News Release

BU researchers demonstrate activation of hippo pathway restrains tumor growth in melanoma cells

May lead to new treatment option for melanoma

Peer-Reviewed Publication

Boston University School of Medicine

(Boston)—Melanoma is the most dangerous type of skin cancer due to its ability to grow quickly and spread to any organ. While melanoma accounts for about one percent of all skin cancers, it causes the majority of skin cancer-related deaths, most commonly in people under the age of 30, especially women.


Approximately 30 percent of melanomas begin in existing moles, driven by activating mutations in the MAPK pathway which governs cell growth, proliferation, and survival. Now, researchers from Boston University School of Medicine (BUSM) have discovered the Hippo tumor suppressor pathway plays a significant role in preventing the transformation of moles into melanoma.


The researchers used human cells and experimental models to demonstrate activation of the kinase BRAF pathway leads to Hippo pathway activation. “When activated, we show the Hippo pathway restrains the growth of melanocytes (melanin-forming cells) and helps prevent their transformation into melanoma,” said lead author Marc Vittoria, a fourth-year medical student at BUSM. “Similarly, we found that when the Hippo tumor suppressor pathway is suppressed in melanocytes, those cells rapidly go on to form melanoma in multiple experimental models.”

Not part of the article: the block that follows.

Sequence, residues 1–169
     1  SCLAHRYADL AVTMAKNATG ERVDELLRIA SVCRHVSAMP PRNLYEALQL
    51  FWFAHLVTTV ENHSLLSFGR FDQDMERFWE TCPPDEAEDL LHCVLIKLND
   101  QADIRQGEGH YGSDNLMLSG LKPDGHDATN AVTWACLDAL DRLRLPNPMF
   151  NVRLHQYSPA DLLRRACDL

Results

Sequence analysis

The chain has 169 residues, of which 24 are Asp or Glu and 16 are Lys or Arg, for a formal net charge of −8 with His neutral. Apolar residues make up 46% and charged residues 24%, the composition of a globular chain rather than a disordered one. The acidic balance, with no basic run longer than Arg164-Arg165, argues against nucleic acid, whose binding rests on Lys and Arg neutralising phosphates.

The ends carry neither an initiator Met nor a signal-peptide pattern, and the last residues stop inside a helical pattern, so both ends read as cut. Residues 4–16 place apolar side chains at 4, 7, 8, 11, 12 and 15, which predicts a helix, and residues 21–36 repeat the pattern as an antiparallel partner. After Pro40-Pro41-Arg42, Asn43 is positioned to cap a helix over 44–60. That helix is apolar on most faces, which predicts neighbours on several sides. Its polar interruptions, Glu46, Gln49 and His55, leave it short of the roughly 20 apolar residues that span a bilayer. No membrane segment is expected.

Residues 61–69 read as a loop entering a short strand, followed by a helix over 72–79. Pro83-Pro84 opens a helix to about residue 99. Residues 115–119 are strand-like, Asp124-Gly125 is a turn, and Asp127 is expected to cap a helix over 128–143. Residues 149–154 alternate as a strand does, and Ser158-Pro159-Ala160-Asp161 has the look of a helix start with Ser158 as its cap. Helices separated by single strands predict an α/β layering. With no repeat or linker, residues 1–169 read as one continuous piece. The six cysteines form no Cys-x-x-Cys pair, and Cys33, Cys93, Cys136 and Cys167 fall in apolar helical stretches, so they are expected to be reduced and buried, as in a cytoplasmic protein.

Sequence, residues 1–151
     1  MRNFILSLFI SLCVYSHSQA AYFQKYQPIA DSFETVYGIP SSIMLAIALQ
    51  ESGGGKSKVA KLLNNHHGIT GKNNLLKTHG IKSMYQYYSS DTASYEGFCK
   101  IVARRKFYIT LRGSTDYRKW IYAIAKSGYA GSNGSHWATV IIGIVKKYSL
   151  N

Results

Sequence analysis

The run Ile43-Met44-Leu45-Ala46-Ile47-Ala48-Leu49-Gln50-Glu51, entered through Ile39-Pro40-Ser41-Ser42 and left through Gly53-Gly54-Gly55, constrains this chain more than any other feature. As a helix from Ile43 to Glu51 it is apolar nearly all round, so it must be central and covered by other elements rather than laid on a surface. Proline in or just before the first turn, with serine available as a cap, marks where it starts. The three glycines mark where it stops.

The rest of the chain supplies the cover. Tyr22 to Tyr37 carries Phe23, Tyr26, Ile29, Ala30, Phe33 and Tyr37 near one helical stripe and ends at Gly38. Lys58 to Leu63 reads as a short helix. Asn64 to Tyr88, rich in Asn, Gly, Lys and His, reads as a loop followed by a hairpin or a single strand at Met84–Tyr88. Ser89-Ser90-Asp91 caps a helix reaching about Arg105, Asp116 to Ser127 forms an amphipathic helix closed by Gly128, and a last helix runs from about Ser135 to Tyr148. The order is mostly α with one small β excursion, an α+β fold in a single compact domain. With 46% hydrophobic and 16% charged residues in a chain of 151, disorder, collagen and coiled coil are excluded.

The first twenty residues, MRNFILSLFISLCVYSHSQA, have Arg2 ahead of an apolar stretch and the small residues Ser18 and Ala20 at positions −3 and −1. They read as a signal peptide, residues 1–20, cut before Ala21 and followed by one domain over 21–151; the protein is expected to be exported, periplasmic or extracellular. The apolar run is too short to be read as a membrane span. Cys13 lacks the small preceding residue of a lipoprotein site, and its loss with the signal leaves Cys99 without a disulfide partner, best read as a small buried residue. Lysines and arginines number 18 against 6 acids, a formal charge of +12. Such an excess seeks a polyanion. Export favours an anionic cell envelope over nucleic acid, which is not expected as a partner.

According to the researchers, discovering the mechanisms our cells employ to protect against tumor formation is key to identifying new drug targets for the successful treatment of cancer. “We hope our study highlights that targeted reactivation of the Hippo pathway is an attractive therapeutic possibility for the future treatment of melanoma,” added corresponding author Neil J. Ganem, PhD, associate professor of pharmacology and medicine, section of hematology and medical oncology at BUSM. 


Although the researchers focused on the role of the Hippo pathway in preventing moles from transformation into melanoma, they believe it is possible the Hippo pathway may be acting similarly in other subtypes of cancer. 


These findings appear online in the journal Nature Communications.


Marc Vittoria is supported by a Ruth L. Kirchstein National Research Service Award (F30) from the NCI (1F30CA228388). This work was funded by the Harry J. Lloyd Charitable Trust, the Melanoma Research Alliance,  and a pilot grant from the ACS and the Boston University Clinical and Translational Science Institute Bioinformatics Group (1UL1TR001430).



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